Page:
The following is from the American Federation of Teachers (AFT):
WASHINGTON, D.C. (April 28, 2023) — American Federation of Teachers President Randi Weingarten delivered a stirring defense of the nation’s educators at a hearing of the House Select Subcommittee on the Coronavirus Pandemic on Wednesday, debunking myths and hailing efforts to help kids and safely reopen schools amid a once-in-a-century pandemic.
In oral testimony, Weingarten, on behalf of the 1.7 million members of the AFT, highlighted the steps teachers and their union took to keep kids safe during COVID-19 and their ongoing work to support them socially, emotionally and academically.
“From the earliest days of COVID, the AFT knew that safety was the pathway to opening schools and keeping them open,” Weingarten told the committee. “We know that kids learn best in person, so opening schools safely—even as the pandemic surged—guided the AFT’s every action.”
The AFT was one of the first groups to release a detailed schools reopening plan in April 2020, and it advocated relentlessly to safely reopen schools for in-person learning.
Weingarten welcomed the subcommittee’s focus on kids’ learning. But instead of attacking teachers and vulnerable students, dwelling on politics and elevating culture wars, she urged lawmakers to focus on concrete solutions to help kids recover and thrive.
“Our priorities were to open schools safely; keep students, staff and families safe; focus on students’ social, emotional and academic well-being; and secure the resources to do all this.”
More than 1.1 million Americans have died of COVID-19, Weingarten noted, and Black children died at almost three times the rate of white children. At least 245,000 children in the United States have been orphaned. Thousands of AFT members were among the sick and the dead.
Weingarten debunked false claims about the union’s routine consultation—alongside more than 50 other groups—with the Centers for Disease Control and Prevention in February 2021.
“We—along with parents, administrators and health officials—needed clear, science-based guidance to keep students and staff safe in school,” she told the committee. “It made sense to consult with the CDC. And it was not only appropriate for the CDC to confer with educators, it would be irresponsible not to.”
That guidance, as well as the American Rescue Plan and the work done by governors, education officials, parents, educators and their unions, formed the pathway for schools to reopen: the nation went from 46 percent of schools were open for in-person instruction in January 2021 compared with close to 97 percent by May 2021.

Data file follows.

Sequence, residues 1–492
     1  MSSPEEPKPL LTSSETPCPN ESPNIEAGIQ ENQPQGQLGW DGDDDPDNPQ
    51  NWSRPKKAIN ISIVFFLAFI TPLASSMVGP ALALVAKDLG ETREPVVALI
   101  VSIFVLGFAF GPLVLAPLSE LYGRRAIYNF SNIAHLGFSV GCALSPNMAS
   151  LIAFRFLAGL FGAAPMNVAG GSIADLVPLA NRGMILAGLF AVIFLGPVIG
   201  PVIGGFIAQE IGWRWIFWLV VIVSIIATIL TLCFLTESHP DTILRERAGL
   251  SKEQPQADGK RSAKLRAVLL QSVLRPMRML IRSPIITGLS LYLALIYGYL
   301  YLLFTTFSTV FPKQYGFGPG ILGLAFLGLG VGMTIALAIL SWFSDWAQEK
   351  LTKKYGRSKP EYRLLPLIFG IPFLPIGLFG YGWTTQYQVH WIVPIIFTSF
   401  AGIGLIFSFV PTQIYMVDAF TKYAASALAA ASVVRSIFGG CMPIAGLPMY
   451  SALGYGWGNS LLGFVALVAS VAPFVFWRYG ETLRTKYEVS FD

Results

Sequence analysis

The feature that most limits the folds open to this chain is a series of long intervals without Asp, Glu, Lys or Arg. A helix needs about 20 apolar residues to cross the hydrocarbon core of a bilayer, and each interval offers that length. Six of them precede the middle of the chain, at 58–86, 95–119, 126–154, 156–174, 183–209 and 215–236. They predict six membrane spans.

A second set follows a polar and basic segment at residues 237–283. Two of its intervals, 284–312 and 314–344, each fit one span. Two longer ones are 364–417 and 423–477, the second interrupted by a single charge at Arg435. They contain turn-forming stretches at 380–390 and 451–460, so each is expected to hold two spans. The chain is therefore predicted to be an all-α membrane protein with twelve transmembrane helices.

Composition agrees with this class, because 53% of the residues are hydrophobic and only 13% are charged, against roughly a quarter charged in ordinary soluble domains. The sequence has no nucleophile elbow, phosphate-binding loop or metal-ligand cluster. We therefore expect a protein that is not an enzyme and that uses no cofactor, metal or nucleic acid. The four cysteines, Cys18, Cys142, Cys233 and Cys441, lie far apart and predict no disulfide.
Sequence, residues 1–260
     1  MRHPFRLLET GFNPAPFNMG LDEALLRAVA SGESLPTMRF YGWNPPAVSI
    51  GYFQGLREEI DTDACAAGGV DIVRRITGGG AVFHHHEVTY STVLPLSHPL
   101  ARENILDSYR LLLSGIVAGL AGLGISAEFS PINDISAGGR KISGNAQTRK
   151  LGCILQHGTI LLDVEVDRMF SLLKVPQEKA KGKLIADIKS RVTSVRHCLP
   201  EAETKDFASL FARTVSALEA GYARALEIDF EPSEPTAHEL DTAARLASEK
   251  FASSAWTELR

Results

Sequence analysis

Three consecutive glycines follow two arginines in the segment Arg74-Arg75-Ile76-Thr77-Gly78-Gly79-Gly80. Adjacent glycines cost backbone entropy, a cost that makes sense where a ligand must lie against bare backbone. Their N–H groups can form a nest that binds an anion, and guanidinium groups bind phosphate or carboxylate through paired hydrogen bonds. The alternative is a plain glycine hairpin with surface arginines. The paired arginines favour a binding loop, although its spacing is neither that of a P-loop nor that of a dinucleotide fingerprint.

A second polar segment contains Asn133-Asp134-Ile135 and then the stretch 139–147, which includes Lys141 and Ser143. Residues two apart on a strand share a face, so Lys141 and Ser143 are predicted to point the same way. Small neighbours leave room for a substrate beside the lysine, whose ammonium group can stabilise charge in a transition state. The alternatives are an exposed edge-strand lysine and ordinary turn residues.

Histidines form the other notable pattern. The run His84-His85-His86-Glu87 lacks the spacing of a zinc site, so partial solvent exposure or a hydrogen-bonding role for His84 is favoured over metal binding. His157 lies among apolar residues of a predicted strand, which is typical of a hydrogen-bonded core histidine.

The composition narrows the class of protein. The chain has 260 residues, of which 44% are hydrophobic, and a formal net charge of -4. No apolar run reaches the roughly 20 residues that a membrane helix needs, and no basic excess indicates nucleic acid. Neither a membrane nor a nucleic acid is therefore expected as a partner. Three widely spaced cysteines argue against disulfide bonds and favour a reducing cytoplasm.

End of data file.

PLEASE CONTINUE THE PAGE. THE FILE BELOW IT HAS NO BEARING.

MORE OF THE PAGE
Throughout the pandemic, teachers consistently expressed a preference for in-person learning, because they knew that remote instruction was only ever a supplement, not a substitute, for face-to-face instruction. The AFT was laser focused on the guardrails needed to return to brick-and-mortar classrooms, and Weingarten was one of the first education leaders to push for summer school to combat learning loss in an April 2020 op-ed with former U.S. Education Secretary John King.
“We spent $5 million on a nationwide back-to-school campaign to support everything from developing reopening plans, back-to-school fairs, door-to-door visits with parents and kids to encourage families to return to in-person learning. We were fighting for better ventilation. For COVID testing. For the tools we needed.”
The same was true for parents, Weingarten testified. Polls in the first year of the pandemic showed that parents wanted safety measures in place and polls today show that a large majority of parents believe schools acted appropriately in pivoting to remote and hybrid learning and back to in-person.
“Teachers want what students need. Let’s work together to help kids recover and leap ahead academically, physically and emotionally,” Weingarten concluded. We can do it … by expanding community schools that help kids and support families … [and] with more experiential learning and career-connected learning that is really engaging for kids. Help us address educator burnout and shortages. Together, we can overcome the effects of this unprecedented pandemic.”
► From the NY Times Magazine — How Randi Weingarten landed at the heart of America’s political fights — When the former secretary of state and CIA director Mike Pompeo, a man who had dealt firsthand with autocrats like Vladimir Putin and Xi Jinping, described Randi Weingarten as “the most dangerous person in the world” last November, it seemed as though he couldn’t possibly be serious. Weingarten is 65 and just over five feet tall. She is Jewish and openly gay — she’s married to a rabbi — and lives in Upper Manhattan. She is the longtime president of the American Federation of Teachers. Pompeo had nevertheless put his finger on something: The pandemic and the ongoing culture wars over race and gender had shifted America’s educational landscape, and with it the political landscape.